The Hagstrom Report

Agriculture News As It Happens

Commodity price future may hinge on Chinese market

MIAMI — U.S. commodities appear to be appropriately priced and ethanol is unlikely to suffer if the tax credit expires, but farm prices could depend on what kind of market China turns out to be in the future, the chairman of the Agriculture Department’s World Agricultural Outlook Board said here last week.

Gerald Bange
Gerald Bange, World Agricultural Outlook Board
“Pricing efficiency is doing its job,” WAOB Chairman Gerald Bange said here last week in a speech to the Agriculture Investment Summit of the Americas.

Bange said he found the run up in commodity prices in 2008 “somewhat inexplicable” but “today the situation is different” because “it is a better reflection of supply and demand.”

“We’re not going to see $2 and $3 corn again in the United States,” he added while presenting charts on USDA’s latest supply and demand statistics.

If Congress does not renew the tax credit for ethanol, the industry will still thrive, he said, because the Environmental Protection Agency has indicated it will enforce the renewable fuel standard that governs the amount of renewable fuels that must be in the energy supply.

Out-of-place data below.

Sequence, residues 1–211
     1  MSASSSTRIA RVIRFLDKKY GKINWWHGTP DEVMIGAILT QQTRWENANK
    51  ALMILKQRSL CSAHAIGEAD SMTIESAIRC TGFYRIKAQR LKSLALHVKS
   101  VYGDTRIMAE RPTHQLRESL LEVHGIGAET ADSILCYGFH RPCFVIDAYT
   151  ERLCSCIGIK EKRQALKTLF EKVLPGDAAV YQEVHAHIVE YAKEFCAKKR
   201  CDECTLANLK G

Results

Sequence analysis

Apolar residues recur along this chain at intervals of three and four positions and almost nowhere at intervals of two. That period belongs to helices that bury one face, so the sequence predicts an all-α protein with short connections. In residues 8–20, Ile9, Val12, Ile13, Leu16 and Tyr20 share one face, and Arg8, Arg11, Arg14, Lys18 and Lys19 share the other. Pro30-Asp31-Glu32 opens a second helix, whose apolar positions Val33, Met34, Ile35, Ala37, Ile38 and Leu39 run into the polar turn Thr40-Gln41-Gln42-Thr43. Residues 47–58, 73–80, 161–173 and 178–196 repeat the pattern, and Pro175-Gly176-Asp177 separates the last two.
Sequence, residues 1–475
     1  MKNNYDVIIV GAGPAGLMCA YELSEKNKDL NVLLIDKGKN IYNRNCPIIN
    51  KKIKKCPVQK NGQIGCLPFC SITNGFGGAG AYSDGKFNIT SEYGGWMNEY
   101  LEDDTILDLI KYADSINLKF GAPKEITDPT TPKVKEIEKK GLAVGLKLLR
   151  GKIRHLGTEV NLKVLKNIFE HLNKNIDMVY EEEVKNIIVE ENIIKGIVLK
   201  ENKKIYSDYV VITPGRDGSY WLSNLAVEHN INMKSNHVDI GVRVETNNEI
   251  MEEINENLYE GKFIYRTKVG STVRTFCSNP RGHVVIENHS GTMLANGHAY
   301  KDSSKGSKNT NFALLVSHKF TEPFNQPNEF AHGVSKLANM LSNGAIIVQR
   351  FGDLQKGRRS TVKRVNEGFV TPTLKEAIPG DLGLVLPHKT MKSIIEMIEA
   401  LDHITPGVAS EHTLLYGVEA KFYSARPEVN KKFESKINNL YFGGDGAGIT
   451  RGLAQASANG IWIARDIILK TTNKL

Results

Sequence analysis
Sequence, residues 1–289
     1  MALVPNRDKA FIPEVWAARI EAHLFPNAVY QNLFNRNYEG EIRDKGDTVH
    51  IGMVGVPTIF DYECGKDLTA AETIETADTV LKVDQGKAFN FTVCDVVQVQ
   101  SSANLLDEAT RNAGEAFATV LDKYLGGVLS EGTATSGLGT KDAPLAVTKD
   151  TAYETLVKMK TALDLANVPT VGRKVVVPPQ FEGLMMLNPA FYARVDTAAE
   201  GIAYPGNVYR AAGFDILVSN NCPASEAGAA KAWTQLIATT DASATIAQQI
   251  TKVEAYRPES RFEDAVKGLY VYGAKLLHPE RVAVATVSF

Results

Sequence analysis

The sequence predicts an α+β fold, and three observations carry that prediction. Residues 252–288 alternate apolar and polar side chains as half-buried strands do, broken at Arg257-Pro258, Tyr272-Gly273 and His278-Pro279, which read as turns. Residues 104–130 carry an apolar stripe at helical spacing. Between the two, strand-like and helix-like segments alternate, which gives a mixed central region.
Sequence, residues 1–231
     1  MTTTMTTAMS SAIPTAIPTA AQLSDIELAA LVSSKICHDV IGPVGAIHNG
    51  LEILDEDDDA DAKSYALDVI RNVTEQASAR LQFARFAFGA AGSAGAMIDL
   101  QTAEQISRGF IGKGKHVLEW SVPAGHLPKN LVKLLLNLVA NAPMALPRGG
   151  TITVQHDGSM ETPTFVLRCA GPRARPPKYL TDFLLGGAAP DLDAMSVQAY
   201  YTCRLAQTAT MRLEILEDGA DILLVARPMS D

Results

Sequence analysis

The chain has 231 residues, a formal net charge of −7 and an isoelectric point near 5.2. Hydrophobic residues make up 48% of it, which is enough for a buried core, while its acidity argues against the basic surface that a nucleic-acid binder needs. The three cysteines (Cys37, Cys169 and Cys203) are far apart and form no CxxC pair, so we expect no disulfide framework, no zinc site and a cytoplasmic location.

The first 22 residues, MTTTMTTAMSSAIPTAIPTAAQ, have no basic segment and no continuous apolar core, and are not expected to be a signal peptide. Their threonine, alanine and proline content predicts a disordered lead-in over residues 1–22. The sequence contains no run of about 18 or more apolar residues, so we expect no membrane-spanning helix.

But Bange said ethanol does have a problem: When U.S. gasoline consumption goes down in a recession, the need for ethanol to blend with it also goes down. That’s why the industry has become so interested in increasing the percentage of ethanol in the blend, he added.

Throughout his career, Bange said, American officials have worried about what impact Brazil would have if it became an important agriculture producer and exporter. But with current demand and prices, he said, “Brazil is coming on — thank goodnesss. The world needs their production.”

But Bange said the real question is “what will China be as an import market in the future?” He added that USDA does not estimate future exports to China quite as high as the industry does. Noting that China has become a big importer of soybeans, Bange said the Chinese “will be loathe to do that with wheat, corn and rice” because they view them as “political commodities.” Of those food commodities Bange said, the Chinese “are an industrious people and they’ll do everything to be self-sustaining.” But he noted that Chinese corn production per acre is half that of the United States.

Bange said that he does not expect a lot of production to come from land that is now idled under the Conservation Reserve Program because “it’s marginal land.” On the other hand, he added, no one would have predicted that corn acreage would have risen as high as it has in recent years.